"Success is the ability to go from one failure to another with no loss of enthusiasm." This is as true for business owners today as it was when Winston Churchill first said it. This is especially important for business owners to bear in mind. If you don’t accept failure, then the primary source of your organization’s success — innovative ideas — becomes the victim because employees aren’t willing to speak up. An organization without innovation is on a path to long-term failure.
For those of us who practice applied creativity for a living, it would be difficult to find a more useful tool than the Post-it® note for capturing ideas and information.
But most people aren’t aware of what a complete failure the invention initially was. It began as a solution without a problem: Dr. Spencer Silver, a senior chemist at 3M, had invented a low-tack glue that could be applied to surfaces and removed, leaving little residue behind. No one saw a good use for such weak glue, and Silver promoted his product unsuccessfully for more than five years.
Silver’s glue was introduced to Dr. Art Fry, another employee at 3M, who created the little pervasive peel-and-press notes we now know as Post-its®. Still, Fry spent another five years trying to bring his product to market. In total, getting the Post-it® off the ground took 13 years.
The saga of the Post-it® just goes to show that innovation — especially breakthrough innovation — is the direct outcome of a person’s willingness to risk time, energy, and resources.
When one attempt at innovation (like Silver’s cart-before-the-horse glue) might not succeed, a successful business knows to use each failure as an opportunity to learn and grow its original idea, giving it a chance for success in the long run.
Don’t Take It Personally
Failure is the hallmark of a business that is willing to grow. Rather than take each failure personally, you and your employees should know you’re doing it wrong if you don’t fail from time to time. You are simply not risking enough for your future success.
Companies that choose to play it safe by not innovating will eventually find that their market has eroded and that they’ve been superseded by more innovative companies. Therefore, the price for not embracing small failures in the pursuit of innovation is total failure.
Failure’s Big Benefit: Learning through Experimentation
The most useful side effect of failure is the data that comes from mistakes. Data gained from failure gives you a great chance to learn via small-scale experimentation. Experimentation means you can change your idea to scale faster, increase user acceptance, or deliver to a more targeted market segment.
You might even consider setting up a “fail-in-front-of-friends” model. This means choosing subsets of the intended customer group that are likely to be more forgiving of unfinished or tentative products. This way, the cost of failure won’t generate customer dissatisfaction before your idea is even brought to market.
By letting these chosen customers see the man behind the curtain, the process of controlled failure can foster a level of customer trust that previously did not exist.
The Five Keys to Embracing Failure
Creating an innovative environment without fear of failure takes a few shifts in attitude and committed leadership. Here are the five keys to embracing failure:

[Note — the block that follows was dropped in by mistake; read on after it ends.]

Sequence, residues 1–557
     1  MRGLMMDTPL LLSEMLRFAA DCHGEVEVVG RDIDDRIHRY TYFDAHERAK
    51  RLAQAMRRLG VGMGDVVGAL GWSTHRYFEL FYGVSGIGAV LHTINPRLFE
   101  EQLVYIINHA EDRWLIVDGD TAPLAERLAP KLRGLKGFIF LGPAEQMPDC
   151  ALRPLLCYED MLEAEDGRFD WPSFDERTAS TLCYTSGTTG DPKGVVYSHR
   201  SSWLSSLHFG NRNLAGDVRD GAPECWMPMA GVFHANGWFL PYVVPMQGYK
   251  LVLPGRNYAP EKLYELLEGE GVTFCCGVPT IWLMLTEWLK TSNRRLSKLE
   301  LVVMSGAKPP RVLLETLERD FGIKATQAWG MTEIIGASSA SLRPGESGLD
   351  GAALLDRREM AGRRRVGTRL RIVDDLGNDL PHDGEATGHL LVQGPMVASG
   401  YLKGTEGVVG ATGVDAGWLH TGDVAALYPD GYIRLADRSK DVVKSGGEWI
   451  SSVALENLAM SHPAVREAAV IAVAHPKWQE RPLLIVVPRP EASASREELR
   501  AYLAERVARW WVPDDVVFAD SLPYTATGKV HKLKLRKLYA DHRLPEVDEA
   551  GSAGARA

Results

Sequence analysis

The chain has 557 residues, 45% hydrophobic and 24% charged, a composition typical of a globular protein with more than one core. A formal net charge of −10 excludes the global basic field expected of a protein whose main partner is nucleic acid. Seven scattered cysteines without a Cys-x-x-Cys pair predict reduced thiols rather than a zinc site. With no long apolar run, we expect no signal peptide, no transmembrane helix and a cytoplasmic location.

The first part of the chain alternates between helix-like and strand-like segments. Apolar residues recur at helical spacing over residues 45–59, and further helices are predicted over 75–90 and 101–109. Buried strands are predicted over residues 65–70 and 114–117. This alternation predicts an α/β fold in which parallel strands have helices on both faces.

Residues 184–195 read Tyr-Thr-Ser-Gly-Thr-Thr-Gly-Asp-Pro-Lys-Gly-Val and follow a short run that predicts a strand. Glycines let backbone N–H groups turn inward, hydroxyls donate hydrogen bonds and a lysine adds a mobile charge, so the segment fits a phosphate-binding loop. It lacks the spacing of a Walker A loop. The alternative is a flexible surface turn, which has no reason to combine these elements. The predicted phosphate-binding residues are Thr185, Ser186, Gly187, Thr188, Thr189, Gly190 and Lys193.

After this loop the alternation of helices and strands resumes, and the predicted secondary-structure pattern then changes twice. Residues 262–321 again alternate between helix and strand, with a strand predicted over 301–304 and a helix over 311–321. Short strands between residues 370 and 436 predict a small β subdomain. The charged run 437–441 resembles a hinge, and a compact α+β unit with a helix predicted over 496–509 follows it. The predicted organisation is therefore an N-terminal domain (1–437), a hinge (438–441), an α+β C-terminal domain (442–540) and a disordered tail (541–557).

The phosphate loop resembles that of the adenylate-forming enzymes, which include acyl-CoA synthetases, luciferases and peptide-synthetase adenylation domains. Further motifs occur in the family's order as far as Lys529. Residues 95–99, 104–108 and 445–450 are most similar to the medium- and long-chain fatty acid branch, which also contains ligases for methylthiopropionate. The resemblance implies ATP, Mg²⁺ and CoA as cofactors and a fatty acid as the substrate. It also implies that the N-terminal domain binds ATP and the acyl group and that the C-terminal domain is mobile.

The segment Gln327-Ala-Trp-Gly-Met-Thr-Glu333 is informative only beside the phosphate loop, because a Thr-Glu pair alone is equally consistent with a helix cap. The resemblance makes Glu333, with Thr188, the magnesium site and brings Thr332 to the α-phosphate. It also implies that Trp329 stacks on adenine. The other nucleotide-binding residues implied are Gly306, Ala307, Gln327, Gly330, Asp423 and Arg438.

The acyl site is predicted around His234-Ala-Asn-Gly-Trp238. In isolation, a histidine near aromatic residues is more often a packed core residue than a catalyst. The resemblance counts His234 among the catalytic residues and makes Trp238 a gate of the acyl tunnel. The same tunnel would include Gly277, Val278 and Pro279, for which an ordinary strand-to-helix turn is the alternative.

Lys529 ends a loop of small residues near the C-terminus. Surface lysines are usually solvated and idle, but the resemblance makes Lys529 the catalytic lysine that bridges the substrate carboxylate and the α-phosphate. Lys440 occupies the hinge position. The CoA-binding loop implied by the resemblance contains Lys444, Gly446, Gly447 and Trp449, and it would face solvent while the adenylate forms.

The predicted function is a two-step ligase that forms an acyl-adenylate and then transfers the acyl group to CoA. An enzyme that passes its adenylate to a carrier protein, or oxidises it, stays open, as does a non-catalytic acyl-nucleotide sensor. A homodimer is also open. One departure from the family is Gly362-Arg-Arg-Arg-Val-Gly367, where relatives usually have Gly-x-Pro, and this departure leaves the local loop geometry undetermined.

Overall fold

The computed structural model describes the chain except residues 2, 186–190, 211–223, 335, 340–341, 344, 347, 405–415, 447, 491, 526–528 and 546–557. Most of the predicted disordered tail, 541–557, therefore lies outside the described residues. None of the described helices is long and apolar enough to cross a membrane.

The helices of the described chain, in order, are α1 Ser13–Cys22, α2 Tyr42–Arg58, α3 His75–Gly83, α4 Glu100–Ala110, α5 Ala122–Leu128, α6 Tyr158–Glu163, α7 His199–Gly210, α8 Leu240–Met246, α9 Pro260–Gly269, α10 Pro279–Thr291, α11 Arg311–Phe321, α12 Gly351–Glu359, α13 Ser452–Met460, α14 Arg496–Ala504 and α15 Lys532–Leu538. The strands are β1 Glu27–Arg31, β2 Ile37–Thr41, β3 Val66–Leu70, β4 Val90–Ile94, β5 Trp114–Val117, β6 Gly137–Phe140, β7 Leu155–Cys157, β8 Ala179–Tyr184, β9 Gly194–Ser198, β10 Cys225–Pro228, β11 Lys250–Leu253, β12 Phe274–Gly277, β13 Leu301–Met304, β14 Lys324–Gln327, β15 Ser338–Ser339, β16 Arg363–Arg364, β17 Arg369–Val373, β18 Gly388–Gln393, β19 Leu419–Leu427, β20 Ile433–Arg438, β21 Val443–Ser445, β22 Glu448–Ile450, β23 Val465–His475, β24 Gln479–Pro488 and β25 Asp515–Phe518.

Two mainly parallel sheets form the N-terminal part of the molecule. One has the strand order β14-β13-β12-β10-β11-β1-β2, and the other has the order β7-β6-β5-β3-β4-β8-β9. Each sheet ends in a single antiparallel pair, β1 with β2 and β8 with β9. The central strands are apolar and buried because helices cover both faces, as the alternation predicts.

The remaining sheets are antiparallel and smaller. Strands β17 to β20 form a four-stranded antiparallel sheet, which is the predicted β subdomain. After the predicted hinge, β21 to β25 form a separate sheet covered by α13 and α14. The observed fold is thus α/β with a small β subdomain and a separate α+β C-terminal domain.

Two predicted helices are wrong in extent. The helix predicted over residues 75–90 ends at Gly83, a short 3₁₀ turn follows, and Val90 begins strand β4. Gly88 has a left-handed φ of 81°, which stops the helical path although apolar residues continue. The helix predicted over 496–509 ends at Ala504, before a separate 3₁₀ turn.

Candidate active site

- Make it okay to fail. Change your performance management model from one that punishes failure to one that rewards it. For example, ask, “Which person’s failure helped us learn the most?”
- Protect those who fail. Make sure risk takers aren’t hit with harsh repercussions. Set reasonable limits; communicate just how much can be risked in any innovation experiment.
- Promote learning. Make the data acquired from failures visible across the organization by documenting and reporting failures.
- Learn how to let go. What’s done is done. Failures should never become ammunition for a future point of contention.
- Keep a positive attitude. A belief that the next outcome will be better can serve as a catalyst to positive change and innovation.
Failures are an ongoing part of business, so it’s futile to hide from them. If you make a point of discussing them in employee gatherings, celebrating them in project reviews, and creating a peer-reviewed award for the greatest learning that came from a failure, you can make failures commonplace and accepted, rather than something to be feared.
Failure and the Small Business
Creating an environment that welcomes failure is especially important for the growth of a small business because you can’t have growth without innovation, and there’s no innovation without failure.
At the same time, entertaining the mere notion of failure is terrifying for small businesses. Because you are often riding a very thin edge of success, your resources are so limited that the price of any failure seems too great to endure.
Still, there is a great cost associated with doing nothing, so it’s important for small businesses to create an environment that welcomes controlled experiments designed to provide learning opportunities. This way, any failures that occur will be manageable and won’t wipe out the entire business. If you’re clear about the stakes of not innovating, your employees’ motivation to succeed will be much greater.
You have a choice: You can create your own future by growing from the failure that comes along with innovation, or you can sit by and do nothing while your competitors create it for you. At the end of the day, it comes down to the fact that nothing ventured means nothing is gained. Do you have the courage to fail well?